Everyone strives toward a place in their life in which they feel satisfied with what they are accomplishing. Whether people are striving for excellence in academics, finances, morality, etc., they desire to reach a level of success that pleases them. Most would say that this success defines their happiness in their lives. Throughout the course of thousands of years, there has been a diverse selection of philosophical and historical teachings regarding happiness. Though Aristotle and Herodotus express some different insights, they similarly display how people’s endings display their happiness.
One insight that Aristotle delivers that Herodotus does not is his concept of the Golden Mean. The Golden Mean expresses one’s essence to act neither excessively or deficiently because to act directly between these two extremes would be the most moral choice. To act morally would be an action that brings contentment. Aristotle says, “Well, in our definition we assume that the actions and workings of the soul constitute Happiness…” (Phil. Rd. 38). Knowing that one is doing enough to be beneficial but also not depleting himself of his resources would please him. A canned food drive comes to mind. When one is participating in a canned food drive, he would love to give as much as possible; however, giving excessively would not leave him with enough resources, and not giving enough would not be morally satisfactory. It is the moment that he gives the perfect moderate amount that he achieves happiness because he knows that he is helping needy individuals while also maintaining the resources he needs for himself.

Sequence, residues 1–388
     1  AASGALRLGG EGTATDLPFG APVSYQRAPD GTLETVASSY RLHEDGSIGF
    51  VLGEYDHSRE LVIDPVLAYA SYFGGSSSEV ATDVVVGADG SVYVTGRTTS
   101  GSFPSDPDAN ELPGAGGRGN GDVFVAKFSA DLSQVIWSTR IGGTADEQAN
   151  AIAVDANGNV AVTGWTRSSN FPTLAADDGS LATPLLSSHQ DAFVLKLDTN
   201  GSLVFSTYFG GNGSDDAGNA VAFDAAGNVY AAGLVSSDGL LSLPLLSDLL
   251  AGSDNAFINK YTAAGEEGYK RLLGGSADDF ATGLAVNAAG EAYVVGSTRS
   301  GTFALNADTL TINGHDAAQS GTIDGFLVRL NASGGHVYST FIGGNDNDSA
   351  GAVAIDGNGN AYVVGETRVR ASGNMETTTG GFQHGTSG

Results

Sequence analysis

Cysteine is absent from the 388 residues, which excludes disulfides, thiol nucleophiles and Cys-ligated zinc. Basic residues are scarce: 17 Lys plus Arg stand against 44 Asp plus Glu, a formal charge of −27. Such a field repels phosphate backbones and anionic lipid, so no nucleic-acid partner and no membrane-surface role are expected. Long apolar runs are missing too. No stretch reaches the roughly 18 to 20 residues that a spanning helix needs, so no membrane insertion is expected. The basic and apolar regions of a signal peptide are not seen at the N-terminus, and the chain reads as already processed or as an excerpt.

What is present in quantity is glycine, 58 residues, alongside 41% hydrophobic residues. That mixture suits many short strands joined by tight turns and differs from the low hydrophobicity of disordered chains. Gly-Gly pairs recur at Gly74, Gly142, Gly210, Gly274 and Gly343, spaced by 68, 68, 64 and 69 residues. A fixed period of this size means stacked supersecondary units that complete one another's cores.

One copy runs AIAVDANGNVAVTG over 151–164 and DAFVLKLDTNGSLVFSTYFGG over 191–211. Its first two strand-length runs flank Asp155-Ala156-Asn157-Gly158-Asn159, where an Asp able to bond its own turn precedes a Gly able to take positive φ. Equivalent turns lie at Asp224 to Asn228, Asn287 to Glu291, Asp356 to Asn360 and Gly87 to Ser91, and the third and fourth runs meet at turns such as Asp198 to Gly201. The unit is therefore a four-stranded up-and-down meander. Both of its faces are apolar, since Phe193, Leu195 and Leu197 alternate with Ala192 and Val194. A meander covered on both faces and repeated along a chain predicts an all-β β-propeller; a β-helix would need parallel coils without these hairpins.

Aristotle and Herodotus both speak of the importance of the “End” in regards to happiness. Aristotle speaks of how people strive to reach the best possible End. He explains how the best possible End varies for many different situations when he says, “Again, since actions and arts and sciences are many, the Ends likewise come to be many: of the healing art, for instance, health; of the ship-building art, a vessel; of the military art, victory; and of domestic management, wealth; are respectively the Ends” (Phil. Rd. 37). He explains that all things aim for the Chief Good (Phil. Rd. 37) and that the best End “must be the Chief Good” (Phil. Rd. 37). Herodotus speaks of the end as the ideal point to determine one’s happiness. He says, “Look to the end, no matter what it is you are considering. Often enough God gives a man a glimpse of happiness, and then utterly ruins him” (W. Lit. 550). Herodotus is expressing that one’s life may seem happy at any moment before it has reached its end. No one knows what spontaneous setbacks may occur in one’s life or how long it will last; therefore, a person’s life cannot be judged for his happiness until he is dead. That way, his life can be assessed all the way through to the end.
While Herodotus specifically references change in life in conjunction with change in happiness, Aristotle did not explicitly express this relationship. On the other hand, one can infer that he had this same concept. He says, “And we must add, in a complete life; for as it is not one swallow or one fine day that makes a spring, so it is not one day or a short time that makes a man blessed and happy” (W. Lit. 38). He emphasizes that one should look at the complete life. One could infer that this is a parallel with Herodotus’ claim of how it takes a full lifetime to determine one’s happiness.
Both the historian and the philosopher expressed people’s endings as the way to determine their happiness. Happiness is truly an idea that all humans embrace universally, and the fact that Herodotus and Aristotle’s insights are very comparable aid in this universality.
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